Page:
Is the space of quarantine/social isolation at home – that SARS-Cov-2 enacted – and we suddenly find ourselves cocooned in today a reworking of the psyche of the patriarchal and classist one-dimensional spare time? The assumed certainties of the new romantic discourse on intimacy, and the homologous existence of spare time and self-imposed quarantine, reveals an old problematic of space/time,that masculine cubicle existence always sought to materialise.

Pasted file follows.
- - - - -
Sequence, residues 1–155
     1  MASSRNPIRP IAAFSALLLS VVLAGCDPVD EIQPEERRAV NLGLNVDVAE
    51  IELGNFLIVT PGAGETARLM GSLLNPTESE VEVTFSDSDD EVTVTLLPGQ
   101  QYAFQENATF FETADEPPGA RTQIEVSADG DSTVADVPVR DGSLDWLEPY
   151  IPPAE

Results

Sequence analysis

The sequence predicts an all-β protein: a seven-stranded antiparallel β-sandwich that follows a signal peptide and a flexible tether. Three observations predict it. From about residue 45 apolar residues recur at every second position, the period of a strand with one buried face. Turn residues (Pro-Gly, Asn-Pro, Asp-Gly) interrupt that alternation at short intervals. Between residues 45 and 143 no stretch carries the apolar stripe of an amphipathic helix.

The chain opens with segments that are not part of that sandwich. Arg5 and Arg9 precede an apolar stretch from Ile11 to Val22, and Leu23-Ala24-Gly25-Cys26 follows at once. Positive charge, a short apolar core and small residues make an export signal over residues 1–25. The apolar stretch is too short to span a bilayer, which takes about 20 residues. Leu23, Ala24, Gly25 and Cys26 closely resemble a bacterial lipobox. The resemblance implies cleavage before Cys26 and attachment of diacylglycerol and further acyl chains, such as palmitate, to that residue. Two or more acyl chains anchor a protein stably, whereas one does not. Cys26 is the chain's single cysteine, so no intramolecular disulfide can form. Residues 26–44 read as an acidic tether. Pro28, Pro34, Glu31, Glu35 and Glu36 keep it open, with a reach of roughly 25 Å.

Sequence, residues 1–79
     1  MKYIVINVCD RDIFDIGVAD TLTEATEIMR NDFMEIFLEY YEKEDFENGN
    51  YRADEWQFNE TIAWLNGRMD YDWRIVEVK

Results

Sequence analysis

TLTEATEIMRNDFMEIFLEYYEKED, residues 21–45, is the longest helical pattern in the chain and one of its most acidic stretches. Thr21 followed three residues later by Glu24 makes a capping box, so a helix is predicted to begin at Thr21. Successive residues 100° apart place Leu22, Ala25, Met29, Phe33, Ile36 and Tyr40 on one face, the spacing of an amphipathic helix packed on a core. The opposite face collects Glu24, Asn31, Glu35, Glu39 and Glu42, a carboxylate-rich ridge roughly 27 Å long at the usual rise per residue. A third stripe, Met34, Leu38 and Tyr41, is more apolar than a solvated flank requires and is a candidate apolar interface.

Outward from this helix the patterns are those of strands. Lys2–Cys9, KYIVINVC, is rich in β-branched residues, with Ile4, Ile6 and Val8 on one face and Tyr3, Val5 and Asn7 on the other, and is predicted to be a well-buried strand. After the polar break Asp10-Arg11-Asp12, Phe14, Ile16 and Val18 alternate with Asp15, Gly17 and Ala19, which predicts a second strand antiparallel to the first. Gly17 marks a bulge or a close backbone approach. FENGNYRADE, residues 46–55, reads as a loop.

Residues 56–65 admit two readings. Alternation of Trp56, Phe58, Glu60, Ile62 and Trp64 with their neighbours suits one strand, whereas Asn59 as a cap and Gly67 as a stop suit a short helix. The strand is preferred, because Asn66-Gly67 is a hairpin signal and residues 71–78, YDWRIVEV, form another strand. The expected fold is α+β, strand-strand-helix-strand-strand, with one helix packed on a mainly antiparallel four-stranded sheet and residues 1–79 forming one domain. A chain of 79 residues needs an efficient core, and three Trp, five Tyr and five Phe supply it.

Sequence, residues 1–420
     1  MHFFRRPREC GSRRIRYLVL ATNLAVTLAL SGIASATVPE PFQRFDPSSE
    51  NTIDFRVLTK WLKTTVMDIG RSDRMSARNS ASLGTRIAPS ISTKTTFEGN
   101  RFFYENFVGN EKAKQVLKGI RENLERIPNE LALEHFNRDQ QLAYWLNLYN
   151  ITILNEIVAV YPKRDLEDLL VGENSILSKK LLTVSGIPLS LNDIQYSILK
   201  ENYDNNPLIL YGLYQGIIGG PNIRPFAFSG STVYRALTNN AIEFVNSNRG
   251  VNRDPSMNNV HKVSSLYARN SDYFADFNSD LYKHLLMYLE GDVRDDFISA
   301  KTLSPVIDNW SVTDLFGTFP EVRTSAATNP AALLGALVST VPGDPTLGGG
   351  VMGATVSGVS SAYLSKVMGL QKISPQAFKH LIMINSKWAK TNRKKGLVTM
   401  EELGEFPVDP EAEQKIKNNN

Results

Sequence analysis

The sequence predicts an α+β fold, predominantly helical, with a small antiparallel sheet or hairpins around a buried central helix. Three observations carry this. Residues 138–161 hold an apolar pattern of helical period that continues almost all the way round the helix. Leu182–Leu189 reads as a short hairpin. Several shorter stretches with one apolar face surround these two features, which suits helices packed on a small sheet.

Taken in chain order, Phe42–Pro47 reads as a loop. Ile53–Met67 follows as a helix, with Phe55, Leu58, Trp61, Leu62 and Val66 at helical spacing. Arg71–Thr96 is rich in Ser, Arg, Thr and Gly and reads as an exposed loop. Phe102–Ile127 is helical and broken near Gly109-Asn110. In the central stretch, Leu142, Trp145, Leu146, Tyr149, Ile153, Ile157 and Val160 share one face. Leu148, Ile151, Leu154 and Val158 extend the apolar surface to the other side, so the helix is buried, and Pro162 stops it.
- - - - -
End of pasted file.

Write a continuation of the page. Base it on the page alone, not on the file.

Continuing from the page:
We are being told that, it’s time for scare – of course – of a rejuvenating experience as well, a time to de-alienate the public ‘rational’ being into a private emotional being. We are also being cautioned as Giorgio Agamben did, of a regime of social suspicion when we see ourselves “as potential contaminators to be avoided at all costs…” But what is frightening is the universal discourse on spare time that the masculine cubicle body is now forcing in the private with the same intensity as it once did in enacting the discourse on busy time. In this process of scare, panic and questions upon existence, same old gendered questions are revived and are seeking an answer from the victims of the old and new universal times. The new spatiality of quarantine now is manifested in the unprecedented phallic desire for spare time and time to spare, that the same public ‘rational’ being devalued and strangled from inside the doors of the cubical, euphemistically, for the honour of the domestic – we were told – accumulated by hard working, selfless man. If the time/space of the social isolation has been reworked to colonise and denigrate certain bodies ever again, it also is time to reclaim and redefine the modern temporal matrix of spare time and time to spare. Apparently, the militarised epidemic has created a collective amnesia and ‘erasure’ by a disjuncture between the normal/then and exceptional/now; where the public and the politics have been suspended – temporarily, but with a long term impact – masked under an epidemiological exceptionalism. However, the entrenchment of the trivialising tendencies of power relations into the privateitinerates unfettered with the invocation of the new intimate family time and space.